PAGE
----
Health Insurance Tax Credits Improve Economy, Grow Small Businesses and Help Families Survive
By Rep Jay Love
As part of Gov. Bob Riley's economic stimulus and job creation package, I am once again sponsoring legislation this session that encourages small business owners to provide health insurance benefits to their employees. Rather than creating a large bureaucratic government program to accomplish this goal, as the federal government has done in the past, my bill simply provides tax credits to employers and employees in order to offset the cost of providing health insurance.
The bill allows small businesses to deduct twice the amount they pay for employee health insurance coverage from their state income taxes. And, in order to ensure that employees participate in their employers' health insurance plan, workers may also deduct twice the amount they pay for their coverage.
Only companies with 25 employees or less would qualify for the tax credit, but that covers more than 90 percent of the businesses currently operating in the state. Similarly, only those employees with an adjusted gross income of less than $50,000 would qualify, as well.
While government has worked for years to ensure that lower income families and individuals are provided health coverage through Medicaid and similar programs, many lower-middle and middle-class families find it difficult to afford the same level and quality of coverage. In short, the middle-class is being squeezed between those who can't afford insurance coverage and those who can. Providing income tax credits to encourage health insurance coverage creates a free market solution to a serious social problem.
If passed successfully, this legislation could dramatically decrease the number of Alabamians who do not currently have access to affordable, quality health insurance while, simultaneously, strengthening our economy by helping small businesses grow.
As someone who has owned and operated a small business myself, I know, personally, how difficult and financially straining it can be to cover the cost of providing employee benefits, such as health insurance. Even when those insurance programs and other benefits are offered, employees of small businesses often find it even more difficult to pay the portion of the premium for which they are responsible.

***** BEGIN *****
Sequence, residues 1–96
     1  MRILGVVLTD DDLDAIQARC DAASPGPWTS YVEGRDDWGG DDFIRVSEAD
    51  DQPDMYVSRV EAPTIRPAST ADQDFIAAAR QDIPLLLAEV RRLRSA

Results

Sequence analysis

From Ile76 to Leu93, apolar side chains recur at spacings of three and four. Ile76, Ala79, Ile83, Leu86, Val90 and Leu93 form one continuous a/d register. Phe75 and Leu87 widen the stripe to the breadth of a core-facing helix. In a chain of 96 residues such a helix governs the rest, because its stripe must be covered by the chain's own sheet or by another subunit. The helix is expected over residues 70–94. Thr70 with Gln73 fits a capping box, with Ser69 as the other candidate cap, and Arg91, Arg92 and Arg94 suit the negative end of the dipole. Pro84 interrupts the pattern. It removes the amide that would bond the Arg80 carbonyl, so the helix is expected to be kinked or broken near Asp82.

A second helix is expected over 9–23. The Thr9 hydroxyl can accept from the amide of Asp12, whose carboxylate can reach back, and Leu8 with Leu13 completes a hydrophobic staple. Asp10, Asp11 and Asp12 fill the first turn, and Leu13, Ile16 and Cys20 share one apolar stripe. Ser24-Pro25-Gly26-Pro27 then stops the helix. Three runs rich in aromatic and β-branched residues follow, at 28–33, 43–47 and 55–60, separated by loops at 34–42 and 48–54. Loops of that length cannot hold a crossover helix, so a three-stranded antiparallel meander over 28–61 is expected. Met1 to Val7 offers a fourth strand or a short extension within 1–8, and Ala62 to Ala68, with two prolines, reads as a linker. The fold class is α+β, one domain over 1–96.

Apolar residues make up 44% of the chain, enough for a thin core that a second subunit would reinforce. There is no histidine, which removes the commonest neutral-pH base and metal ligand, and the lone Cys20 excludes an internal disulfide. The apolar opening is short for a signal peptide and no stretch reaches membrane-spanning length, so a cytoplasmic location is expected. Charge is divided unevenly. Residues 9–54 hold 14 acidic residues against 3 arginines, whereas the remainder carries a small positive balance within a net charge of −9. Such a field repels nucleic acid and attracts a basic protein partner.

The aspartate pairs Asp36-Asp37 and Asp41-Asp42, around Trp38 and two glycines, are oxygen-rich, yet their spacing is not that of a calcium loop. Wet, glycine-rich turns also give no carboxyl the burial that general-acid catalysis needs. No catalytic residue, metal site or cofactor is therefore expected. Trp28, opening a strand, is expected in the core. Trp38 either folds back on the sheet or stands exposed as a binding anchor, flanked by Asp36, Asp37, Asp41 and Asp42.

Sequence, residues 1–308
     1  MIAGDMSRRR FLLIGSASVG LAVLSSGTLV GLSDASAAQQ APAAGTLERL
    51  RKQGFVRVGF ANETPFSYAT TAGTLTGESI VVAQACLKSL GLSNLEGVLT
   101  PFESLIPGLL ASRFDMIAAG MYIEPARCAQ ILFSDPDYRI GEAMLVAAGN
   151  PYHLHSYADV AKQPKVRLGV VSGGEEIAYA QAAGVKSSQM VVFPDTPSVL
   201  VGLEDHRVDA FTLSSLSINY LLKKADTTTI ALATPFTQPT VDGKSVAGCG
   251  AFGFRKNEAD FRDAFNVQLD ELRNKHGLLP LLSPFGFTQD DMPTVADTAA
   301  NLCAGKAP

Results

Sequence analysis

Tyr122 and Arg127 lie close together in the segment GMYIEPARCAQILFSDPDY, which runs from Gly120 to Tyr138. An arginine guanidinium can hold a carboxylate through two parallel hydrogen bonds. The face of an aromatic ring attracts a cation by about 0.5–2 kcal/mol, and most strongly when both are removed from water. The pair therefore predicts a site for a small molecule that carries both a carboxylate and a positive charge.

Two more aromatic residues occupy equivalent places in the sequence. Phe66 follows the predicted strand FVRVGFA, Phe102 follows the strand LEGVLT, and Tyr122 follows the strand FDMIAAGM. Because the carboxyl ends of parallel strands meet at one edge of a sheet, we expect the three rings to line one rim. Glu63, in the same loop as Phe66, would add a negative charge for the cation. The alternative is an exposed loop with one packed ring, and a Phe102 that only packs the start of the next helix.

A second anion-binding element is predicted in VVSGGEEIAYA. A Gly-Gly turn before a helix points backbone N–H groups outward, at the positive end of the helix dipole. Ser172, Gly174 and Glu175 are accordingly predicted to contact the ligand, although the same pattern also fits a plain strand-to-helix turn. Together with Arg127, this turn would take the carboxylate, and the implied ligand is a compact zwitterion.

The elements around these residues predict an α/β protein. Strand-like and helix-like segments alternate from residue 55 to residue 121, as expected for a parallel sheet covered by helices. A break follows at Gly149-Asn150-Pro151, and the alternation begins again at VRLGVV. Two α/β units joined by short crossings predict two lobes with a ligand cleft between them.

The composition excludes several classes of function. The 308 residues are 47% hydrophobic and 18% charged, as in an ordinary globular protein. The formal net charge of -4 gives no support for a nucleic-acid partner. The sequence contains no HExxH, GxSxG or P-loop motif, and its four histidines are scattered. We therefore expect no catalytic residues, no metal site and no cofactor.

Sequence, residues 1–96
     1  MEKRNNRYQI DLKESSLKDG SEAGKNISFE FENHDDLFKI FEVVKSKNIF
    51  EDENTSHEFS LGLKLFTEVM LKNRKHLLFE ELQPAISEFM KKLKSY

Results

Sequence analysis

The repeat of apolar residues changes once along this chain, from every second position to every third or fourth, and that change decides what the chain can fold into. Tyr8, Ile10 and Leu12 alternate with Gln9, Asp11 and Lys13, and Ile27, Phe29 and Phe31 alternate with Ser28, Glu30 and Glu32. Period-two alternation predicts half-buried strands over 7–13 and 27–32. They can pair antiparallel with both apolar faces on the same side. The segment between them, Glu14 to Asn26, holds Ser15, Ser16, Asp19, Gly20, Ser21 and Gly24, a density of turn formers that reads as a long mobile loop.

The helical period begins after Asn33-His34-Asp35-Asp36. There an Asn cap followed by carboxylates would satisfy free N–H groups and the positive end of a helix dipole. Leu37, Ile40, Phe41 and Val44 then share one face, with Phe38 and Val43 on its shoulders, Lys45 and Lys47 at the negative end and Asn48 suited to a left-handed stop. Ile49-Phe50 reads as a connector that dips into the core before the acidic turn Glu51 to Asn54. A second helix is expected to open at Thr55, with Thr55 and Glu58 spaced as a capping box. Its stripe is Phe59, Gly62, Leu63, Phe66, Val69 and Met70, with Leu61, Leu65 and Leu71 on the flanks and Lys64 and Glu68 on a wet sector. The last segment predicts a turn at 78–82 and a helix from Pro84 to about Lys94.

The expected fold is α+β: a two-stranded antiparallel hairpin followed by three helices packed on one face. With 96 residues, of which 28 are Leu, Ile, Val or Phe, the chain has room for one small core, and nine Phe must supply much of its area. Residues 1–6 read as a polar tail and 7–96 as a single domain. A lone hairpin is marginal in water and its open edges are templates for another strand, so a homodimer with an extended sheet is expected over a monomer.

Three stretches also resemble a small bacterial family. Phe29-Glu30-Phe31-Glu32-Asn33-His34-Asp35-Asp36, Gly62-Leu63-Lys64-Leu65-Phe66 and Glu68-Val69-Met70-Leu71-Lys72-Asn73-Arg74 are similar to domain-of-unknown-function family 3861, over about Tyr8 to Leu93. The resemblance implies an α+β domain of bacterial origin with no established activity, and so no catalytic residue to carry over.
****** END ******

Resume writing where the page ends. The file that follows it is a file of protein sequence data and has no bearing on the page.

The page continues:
Last year, I joined Gov. Riley in a news conference at a local dry cleaning business in Montgomery. The owner of the business, Matt Hall, said the tax credits would greatly expand his ability to provide health insurance coverage to his 18 employees and their families. There are thousands of business owners across this state just like Matt - small business owners who are committed to their employees and care about providing them the benefits they deserve.
That is why the Alabama Chapter of the National Federation of Independent Business embraced this legislation and asked each of its members to push for passage. Rosemary Elebash, NFIB's Alabama state director, also joined Gov. Riley and me at the news conference last year and said, ""This is a critical session for small business. Economic conditions are good today in Alabama, but the governor and Rep. Love recognize the serious threat small-business owners are facing through lack of access to affordable health insurance. This proposal is a significant step in the right direction to address this serious small-business challenge."
Members of the Democrat leadership in the legislature and others across the aisle have, to date, been timid to support this much needed legislation despite the fact that they previously worked with me and other Republicans in a bi-partisan manner to provide tax relief to many of Alabama's families. We should now work together just as hard to lend a helping hand to the middle-class workers and employers who keep our state's economy running.
Democrats have joined with Republicans on a national level to work for similar health insurance tax credits in the federal tax code. More than 100 congressional Democrats co-sponsored the Federal Small Business Health Insurance Promotion Act of 2005, a measure that closely mirrored the intent and goals of Gov. Riley's legislation. If Republicans and Democrats can each support health insurance tax credits in Washington, where the partisan atmosphere is even thicker than in Montgomery, why can't Democrats join with Republicans in Alabama in a similar cooperative fashion?